Review : Broken Bells - Meyrin Fields
PitchforkBroken Bells members James Mercer (of the Shins) and Danger Mouse, aka Brian Burton, each made their names on twisting the sounds of the 1960s-- the former turning the Beach Boys and the Kinks into gleefully obscure indie pop and the latter remixing the Beatles' White Album into a hip-hop backing track. The music they make together, however, sounds instead like radio hits from some 1960s vision of the future: love songs from a world that will never exist. That sense of unrealizable possibilities reinforced the sense of loss on their debut, and made songs like "The High Road" and "The Ghost Inside" sound bruised and battered, but not bitter or jaded. These four new songs are outtakes and B-sides from their initial sessions, which along with that similar album cover suggests they intended Meyrin Fields as an epilogue to Broken Bells.
Yet, the EP has its own distinctive flavor, notably different from that of the LP. Burton's production is somehow both heavier and lighter: There's more going on in these songs, but the elements, such as the Jack Nitzsche-style guitar on "Heartless Empire" or the constant blips and beeps on "Windows", evoke spaceship mechanization and anti-gravity weightlessness. Gears grind and sirens wail on the title track, while a high, inhuman voice ghosts Mercer's vocals to reinforce the catchiness of the melody, like a gremlin in the works. If Broken Bells was indeed a break-up album-- and especially if it turns out to be about the break-up of the Shins-- Meyrin Fields continues that theme and plays it out a bit more, suggesting new stages of grief and acrimony. Meyrin Fields never sounds as eulogistic as Broken Bells did. It's less about loss than about the undiscovered country that comes after.
That's a lot for four songs to convey, but it comes through clearly on the EP's first half. The title track and "Windows" are both tense and ominous, with similar stabs of melody and a distressed urgency to the production. Burton treats the songs as short films to soundtrack, and every element goes toward reinforcing Mercer's dark drama. In fact, perhaps the main spark in this collaboration is how it gets both artists outside their comfort zones: Burton's beatmaking priorities draw Mercer out of his indie-pop realm and reveal the breadth of his songwriting, while Mercer's eloquent concision keeps Burton sharper and more focused. Both men show us something new, even as they struggle to break free of the gravitational pull of their other projects....full text
MusicDanger Mouse and James Mercer (The Shins) continue their shaggy exploration of space rock and classic pop on their latest EP. The set is based around "Meyrin Fields", a b-side to "The High Road", and gives fans three additional new tracks to chew on while they pray for a sophomore album from the duo. The electro tinged synth, drippy bass line and eerily haunting background harmonies of brash, energetic "Meyrin Fields" make it a standout that would fit well on their debut, though the remaining three new selections fail to pack the same punch.
Mercer's vocals sound a bit underwater on "An Easy Life", where the skipping riffs sway over a lush bass and humming organ backing, lacking the dynamic depth that made their debut work so well. "Windows" comes a bit closer thanks to layers of guitar, bass, organ and drums that seem to peel on and off repeatedly, though Mercer's achy, searing falsetto hook and nearly spoken-word verse are not as engaging as the music. When Mercer soars with a soulful caterwauling vocal on "Heartless Empire", the droning haze of distorted guitar seems to weigh the song down. There is some enjoyment to be had here, but falls well short of the high bar they set on their spectacular debut....full text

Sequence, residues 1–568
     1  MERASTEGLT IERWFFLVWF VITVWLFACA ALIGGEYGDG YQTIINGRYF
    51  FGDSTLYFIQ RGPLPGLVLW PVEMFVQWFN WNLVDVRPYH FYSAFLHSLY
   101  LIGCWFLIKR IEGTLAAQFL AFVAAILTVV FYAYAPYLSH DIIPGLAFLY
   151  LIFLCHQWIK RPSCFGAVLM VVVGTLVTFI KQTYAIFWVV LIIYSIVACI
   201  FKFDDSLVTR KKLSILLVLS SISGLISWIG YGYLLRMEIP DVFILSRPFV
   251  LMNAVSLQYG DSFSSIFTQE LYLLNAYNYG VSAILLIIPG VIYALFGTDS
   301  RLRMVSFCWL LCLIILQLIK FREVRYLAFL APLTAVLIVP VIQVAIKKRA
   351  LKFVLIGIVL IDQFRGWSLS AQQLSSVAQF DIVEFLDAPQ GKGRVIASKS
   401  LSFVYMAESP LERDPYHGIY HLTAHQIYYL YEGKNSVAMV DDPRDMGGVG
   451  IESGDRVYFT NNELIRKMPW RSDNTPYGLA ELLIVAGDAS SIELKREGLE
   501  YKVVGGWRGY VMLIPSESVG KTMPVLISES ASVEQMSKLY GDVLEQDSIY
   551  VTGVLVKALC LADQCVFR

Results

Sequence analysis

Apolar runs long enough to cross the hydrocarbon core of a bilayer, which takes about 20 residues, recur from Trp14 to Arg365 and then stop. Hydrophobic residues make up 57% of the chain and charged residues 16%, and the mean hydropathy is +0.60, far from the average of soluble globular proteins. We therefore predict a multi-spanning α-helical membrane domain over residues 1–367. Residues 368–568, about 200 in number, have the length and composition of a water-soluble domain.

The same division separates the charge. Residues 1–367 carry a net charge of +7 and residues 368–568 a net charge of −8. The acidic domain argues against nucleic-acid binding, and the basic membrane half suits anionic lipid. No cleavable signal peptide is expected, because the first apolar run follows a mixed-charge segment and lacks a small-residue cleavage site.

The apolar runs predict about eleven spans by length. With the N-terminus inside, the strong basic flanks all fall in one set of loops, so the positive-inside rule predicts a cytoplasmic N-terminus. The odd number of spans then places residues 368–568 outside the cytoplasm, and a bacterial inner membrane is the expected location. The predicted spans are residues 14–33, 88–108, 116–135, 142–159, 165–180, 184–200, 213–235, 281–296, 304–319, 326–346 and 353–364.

CrackintheroadThe first album from Broken Bells (the side-project of Danger Mouse and The Shins’ James Mercer), was released last year and gained the band an instant following. The album’s best singles, October, The Ghost Inside and The High Road stood out as some of the best songs of 2010, and with this new EP, Broken Bells have clearly decided to build upon that success – if bringing little new to the table.
Initially, Meyrin Fields sounds a little different to the self-titled debut album from the band. The opening track of the same name is a change in direction from the sound of their first release, showcasing some more electronica-based influences. Pleasingly, the backing vocals that stood out as a highlight of the first album remain, and James Mercer’s vocals are as strong as ever. The rest of the songs are much more typical of Broken Bells’ style, and here lies the EP’s main flaw – it isn’t really that new. As an EP from a side-project, it would have been nice to see some more risky experimentation from the band, trying out something different. Unfortunately, this is not the case.
That is not to say that the EP is a failure – anything but. There’s clearly nothing drastically wrong with sticking to the proven formula if it worked so well the first time around, and Meyrin Fields certainly works well in the context of the first album. In particular, Windows stands out as the strongest track, utilising the strongest points of the first album – catchy riffs and great vocals whilst managing to sound just that little bit unique in relation to the rest of the musical world....full text
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